“For example, if we are looking for arsenic life, we could head for environments which are both arsenic rich and phosphorus poor, such as deep ocean vents.

“There is also a heavily contaminated lake in California which is arsenic rich – Mono Lake – and we do find microbes in there which get their energy from arsenic.

“But they don’t actually incorporate the arsenic into themselves. They spit it back out again. They smoke but they don’t inhale.”

Another possibility is that “weird life” actually intermingles with carbon based life and is all around us.

“In that case it’s going to be really hard to detect – you have to find some way of filtering everything else out.”

The process has been to filter everything else away in order to find unknown organisms in seawater.

According to Davies, if we do discover something unprecedented, “we would all start arguing.”

“The question would be whether this life was truly different, or whether there was a common precursor a deep branch on the main tree of life.

“Also, how do we know we are dealing with separate Earth genesis and not a Mars genesis?

“We know rocks do get traded between the two planets, and life could hitch a ride.

“Personally, I’m only interested in establishing whether life happened more than once. If we find it has happened twice from scratch then it is going to have happened all around the universe.

“It’s going to be teeming with life and there’s a very good chance we are not alone.”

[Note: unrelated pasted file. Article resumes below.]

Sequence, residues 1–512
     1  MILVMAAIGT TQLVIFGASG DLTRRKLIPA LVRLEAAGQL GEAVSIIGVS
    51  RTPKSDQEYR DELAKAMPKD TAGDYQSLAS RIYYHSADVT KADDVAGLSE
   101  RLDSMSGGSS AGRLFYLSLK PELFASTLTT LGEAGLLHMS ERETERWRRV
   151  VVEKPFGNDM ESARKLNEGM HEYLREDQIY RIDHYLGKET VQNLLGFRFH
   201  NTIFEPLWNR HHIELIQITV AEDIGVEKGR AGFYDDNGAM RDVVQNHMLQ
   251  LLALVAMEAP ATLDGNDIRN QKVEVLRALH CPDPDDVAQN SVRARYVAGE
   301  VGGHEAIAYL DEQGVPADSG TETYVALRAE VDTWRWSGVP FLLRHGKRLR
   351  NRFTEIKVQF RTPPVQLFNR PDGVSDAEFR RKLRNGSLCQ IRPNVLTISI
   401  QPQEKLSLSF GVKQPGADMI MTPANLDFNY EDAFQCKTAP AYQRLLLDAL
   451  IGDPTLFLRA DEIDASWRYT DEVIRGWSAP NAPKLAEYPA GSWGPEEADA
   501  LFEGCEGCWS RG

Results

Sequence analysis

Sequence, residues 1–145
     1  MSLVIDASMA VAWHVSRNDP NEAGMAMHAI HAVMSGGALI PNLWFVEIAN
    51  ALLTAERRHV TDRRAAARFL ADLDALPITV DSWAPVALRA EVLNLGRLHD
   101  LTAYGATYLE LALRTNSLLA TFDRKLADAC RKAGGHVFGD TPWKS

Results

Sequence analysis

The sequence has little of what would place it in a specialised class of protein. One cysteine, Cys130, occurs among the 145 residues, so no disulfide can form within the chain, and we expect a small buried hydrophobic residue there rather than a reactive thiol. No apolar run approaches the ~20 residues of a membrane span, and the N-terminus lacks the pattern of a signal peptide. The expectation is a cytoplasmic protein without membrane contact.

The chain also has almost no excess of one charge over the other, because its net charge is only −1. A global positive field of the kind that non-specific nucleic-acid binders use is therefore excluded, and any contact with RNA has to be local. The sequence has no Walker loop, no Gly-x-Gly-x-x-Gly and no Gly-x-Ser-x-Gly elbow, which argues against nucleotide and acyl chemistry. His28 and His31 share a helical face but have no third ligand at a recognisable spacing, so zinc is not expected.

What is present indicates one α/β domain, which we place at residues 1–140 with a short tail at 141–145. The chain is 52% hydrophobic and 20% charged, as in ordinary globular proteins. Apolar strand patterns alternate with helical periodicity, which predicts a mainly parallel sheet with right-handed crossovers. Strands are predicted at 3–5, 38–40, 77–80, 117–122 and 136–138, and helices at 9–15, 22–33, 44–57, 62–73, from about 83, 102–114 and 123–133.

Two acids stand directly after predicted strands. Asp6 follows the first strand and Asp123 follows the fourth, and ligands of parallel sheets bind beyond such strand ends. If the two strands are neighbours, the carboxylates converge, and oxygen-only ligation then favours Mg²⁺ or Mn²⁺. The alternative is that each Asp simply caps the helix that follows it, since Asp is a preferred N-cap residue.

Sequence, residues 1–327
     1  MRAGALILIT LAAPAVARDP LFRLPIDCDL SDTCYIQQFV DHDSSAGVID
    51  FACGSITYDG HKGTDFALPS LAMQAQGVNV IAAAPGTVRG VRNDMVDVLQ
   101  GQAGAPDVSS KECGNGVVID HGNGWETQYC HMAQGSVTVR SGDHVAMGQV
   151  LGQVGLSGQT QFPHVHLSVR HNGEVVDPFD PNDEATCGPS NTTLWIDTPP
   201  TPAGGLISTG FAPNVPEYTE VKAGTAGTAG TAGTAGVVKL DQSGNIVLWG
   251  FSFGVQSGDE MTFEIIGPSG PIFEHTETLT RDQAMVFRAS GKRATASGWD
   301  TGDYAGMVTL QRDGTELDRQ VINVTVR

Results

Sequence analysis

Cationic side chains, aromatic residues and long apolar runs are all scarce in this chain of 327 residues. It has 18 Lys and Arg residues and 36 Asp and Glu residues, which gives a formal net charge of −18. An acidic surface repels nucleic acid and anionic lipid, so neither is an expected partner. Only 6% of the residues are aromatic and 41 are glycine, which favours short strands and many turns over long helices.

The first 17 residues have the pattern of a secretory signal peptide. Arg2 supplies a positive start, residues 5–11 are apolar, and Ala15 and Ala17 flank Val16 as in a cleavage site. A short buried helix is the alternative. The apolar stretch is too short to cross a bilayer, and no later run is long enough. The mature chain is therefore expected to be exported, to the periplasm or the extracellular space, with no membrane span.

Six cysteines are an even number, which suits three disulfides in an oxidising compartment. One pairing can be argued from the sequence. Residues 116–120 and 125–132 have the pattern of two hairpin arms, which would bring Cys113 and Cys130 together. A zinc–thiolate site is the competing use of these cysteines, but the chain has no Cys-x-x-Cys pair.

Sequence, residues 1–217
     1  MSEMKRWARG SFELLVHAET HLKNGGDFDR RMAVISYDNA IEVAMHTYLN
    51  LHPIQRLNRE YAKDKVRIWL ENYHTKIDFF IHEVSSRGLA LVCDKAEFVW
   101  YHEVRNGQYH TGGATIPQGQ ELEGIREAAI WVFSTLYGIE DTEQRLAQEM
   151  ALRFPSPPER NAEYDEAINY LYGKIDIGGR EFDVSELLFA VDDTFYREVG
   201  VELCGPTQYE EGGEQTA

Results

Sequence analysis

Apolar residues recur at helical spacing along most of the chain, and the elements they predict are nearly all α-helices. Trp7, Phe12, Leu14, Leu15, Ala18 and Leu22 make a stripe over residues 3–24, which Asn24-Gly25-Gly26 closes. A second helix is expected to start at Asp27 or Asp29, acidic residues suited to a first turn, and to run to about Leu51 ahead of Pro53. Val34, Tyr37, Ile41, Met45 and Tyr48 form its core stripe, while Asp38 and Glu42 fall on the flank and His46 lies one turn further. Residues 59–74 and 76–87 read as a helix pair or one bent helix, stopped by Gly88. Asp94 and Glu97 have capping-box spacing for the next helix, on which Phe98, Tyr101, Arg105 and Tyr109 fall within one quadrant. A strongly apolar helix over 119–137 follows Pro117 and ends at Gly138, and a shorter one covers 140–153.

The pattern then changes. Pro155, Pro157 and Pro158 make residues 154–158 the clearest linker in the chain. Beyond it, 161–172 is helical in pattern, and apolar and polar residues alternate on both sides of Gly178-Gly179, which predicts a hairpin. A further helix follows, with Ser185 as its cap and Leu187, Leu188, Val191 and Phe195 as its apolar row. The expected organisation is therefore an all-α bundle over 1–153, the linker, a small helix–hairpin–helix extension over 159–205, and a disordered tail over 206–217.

The alternative way to determine what life might look like is to try to invent it ourselves.

According to Steven Benner, of the University of Florida, if we could create new molecules that might behave in a life-like way, we can then go out and look for these in the environment.

His team is the closest so far to creating a man-made alternative form of life.

“We are announcing the first example of an artificial synthetic chemical system capable of Darwinian evolution,” he told the conference.

“Is it alive? Well, I can tell you that it is not self-sustaining.

“You have to have a graduate student stand there and feed it from time to time, but it is evolving.”

Essentially, the molecule is a modified version of our own DNA double helix, but with six “letters” in its genetic alphabet instead of four.

Also, the nucleotides are paired up in strands with the help of polymerase enzymes and heat.

“Sometimes mistakes are made in pairing and these mistakes are maintained in the next generation – it is evolving,” said Benner.

“The next step is to apply natural selection to it, to see if it can evolve under selective pressure.

“The accepted definition of life is a molecule capable of Darwinian evolution, so we are trying to put together molecules that are capable of doing it.”

However, he did question our definition of “living,” by saying it is perhaps too “Earth-centric.”

“Remember – just because you are a chemical system which is self-sustaining and capable of Darwinian evolution, that doesn’t mean that is the universal definition of life,” he said.

Image Caption: Mono Lake in the US is home to arsenic-fuelled microbes. NASA

On the Net:




comments powered by Disqus